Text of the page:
RemixJs is a newcomer, but its slick website and extensive documentation give the impression that it is a mature and well-defined solution for building dynamic web apps with React development service on both the back-end and front-end.
But what precisely is it? Is it innovative enough to warrant your attention in 2022?
What is Remix?
In this post, we'll go over some of Remix's amazing features and find out if it is better than Next.Js!
Advantages of Using RemixJs
Remix, like other frameworks, offers several unique built-in features that make development easier. Here’s the list of the advantages of RemixJs.
All loading states are handled automatically by Remix; all you have to do is tell it what to show when the app is loaded. In other frameworks, such as Next.js, you must use a state management library like Redux or Recoil to set the loading state. While other frameworks provide libraries that can assist you to perform the same thing, Remix has it built-in.
Instead of being independent, any page within a route folder is nested within the route. This allows you to embed these components into your parent page, which reduces the amount of time it takes for them to load.
Another advantage is that we may apply error boundaries to these embedded pages, which will aid in error handling.
If an issue occurs in a nested route, the errors are contained within the component, and the component will either fail to render or display an error. It will break the entire page in other frameworks, and you will get a massive error screen.
While error boundaries can be created in Next.js as well, Remix already has this feature built-in, and it's a nice feature for production builds so that the user isn't locked out of the entire page for a simple error.
How to Install RemixJs
Run the following command on the terminal.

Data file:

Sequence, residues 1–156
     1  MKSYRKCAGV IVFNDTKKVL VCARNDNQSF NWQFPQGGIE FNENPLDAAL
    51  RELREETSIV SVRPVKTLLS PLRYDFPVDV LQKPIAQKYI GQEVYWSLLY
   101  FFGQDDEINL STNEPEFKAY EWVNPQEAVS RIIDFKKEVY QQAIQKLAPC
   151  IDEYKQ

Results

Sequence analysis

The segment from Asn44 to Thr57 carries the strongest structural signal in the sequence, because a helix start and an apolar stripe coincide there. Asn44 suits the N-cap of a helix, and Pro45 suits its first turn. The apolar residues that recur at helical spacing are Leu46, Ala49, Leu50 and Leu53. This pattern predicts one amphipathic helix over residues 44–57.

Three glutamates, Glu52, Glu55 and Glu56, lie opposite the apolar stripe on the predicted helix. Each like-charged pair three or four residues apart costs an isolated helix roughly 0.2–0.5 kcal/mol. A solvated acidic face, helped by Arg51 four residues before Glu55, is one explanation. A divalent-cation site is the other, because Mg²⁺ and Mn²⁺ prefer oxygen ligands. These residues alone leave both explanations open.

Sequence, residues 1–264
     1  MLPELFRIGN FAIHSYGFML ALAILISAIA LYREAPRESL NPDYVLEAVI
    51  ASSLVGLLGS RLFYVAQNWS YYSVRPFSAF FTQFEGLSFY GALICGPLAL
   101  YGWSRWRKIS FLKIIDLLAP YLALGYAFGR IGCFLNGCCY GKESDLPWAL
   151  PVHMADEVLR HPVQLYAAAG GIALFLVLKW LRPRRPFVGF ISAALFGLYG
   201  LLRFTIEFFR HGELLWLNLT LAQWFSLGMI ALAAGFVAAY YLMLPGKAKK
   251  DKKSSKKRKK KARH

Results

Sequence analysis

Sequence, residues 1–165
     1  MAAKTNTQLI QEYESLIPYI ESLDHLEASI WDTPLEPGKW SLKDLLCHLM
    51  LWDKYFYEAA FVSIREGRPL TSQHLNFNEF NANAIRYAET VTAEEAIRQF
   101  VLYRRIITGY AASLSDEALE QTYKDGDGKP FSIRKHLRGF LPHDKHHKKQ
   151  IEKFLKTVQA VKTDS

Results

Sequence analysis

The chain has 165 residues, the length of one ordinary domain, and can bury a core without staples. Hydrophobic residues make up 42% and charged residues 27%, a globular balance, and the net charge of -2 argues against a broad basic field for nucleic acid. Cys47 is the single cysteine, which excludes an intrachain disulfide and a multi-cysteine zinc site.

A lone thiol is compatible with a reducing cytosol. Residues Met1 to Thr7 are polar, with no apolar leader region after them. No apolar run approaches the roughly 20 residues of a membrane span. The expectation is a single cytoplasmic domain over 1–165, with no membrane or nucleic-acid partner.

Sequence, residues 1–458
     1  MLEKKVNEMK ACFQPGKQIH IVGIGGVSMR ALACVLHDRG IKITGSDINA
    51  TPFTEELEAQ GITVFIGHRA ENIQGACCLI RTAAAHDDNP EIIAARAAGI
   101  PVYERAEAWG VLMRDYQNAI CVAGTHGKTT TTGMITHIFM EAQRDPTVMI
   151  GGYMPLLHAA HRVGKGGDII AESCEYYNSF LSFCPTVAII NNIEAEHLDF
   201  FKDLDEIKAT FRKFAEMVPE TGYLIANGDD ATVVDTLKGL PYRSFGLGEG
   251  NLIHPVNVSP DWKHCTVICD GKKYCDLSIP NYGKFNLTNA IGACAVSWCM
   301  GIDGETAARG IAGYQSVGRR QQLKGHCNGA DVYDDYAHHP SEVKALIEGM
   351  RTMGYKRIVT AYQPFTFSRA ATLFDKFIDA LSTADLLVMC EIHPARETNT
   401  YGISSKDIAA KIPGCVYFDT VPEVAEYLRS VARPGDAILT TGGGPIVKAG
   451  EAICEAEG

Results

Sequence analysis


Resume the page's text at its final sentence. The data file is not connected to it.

If this is the first time you've used remix. It will inform you that the following packages must be installed:
create-remix@latest. Enter 'y' and press Enter
You should receive a notification that says, "Welcome to remix!" Let's get started on a new project.
The remix will now ask you where you want to deploy. For this tutorial, we are going to use Vercel.
If you choose to utilize something else, you may have a slightly different experience; the Readme.MD file will offer you useful information if you switch hosting providers.
Note: When we deploy, we'll need a Vercel account. Vercel is a free and simple way to register.
Press down on your Arrow keys until Vercel is highlighted, then enter.
The remix will now ask if you want to run npm install; we'll reply yes, so type y and then hit enter to get started immediately.
If all went well, you should be given this.
All of the files and folders in the routes folder are public and can be accessed through a URL. All CSS files are saved in the styles folder, which is similar to how routes are stored.
What Concerns about Remix?
The remix is a new open-source project. As a result, Remix wasn't being used in many production projects at the time.
It may be difficult to discover a solution to a problem while using Remix on the internet, and you may need to post inquiries on forums and wait a long time for a response.
- Routing System is not Easy to Understand
When you first start using Remix, you may find the routing mechanism to be complicated. The concept of nested routes was not well understood by some users. That's because some people are used to other frameworks that don't have this exact routing structure, so Remix takes a little getting used to.
Is Remix better than Next.js?
It is entirely up to you to make that decision. Remix has many of the same capabilities as Next, but it also seeks to differentiate itself from React by giving a higher level of abstraction. Next, on the other hand, is completely reliant on React and does not attempt to hide this fact.
For React developers, Next may be the preferable option because it deals with more recognizable topics, however for new developers who aren't as familiar with React, it may be much easier to start with Remix directly.
The age of each structure is also something that cannot be overlooked. While Remix may appear to be the newest thing on the block, Next has been around for a while, and the team behind it has added a lot of performance optimization in that time that Remix hasn't had the chance to do.
Are you looking forward to giving RemixJS a try now that it's open-source?
Debugging React framework applications may be challenging, especially when users have issues that are difficult to recreate.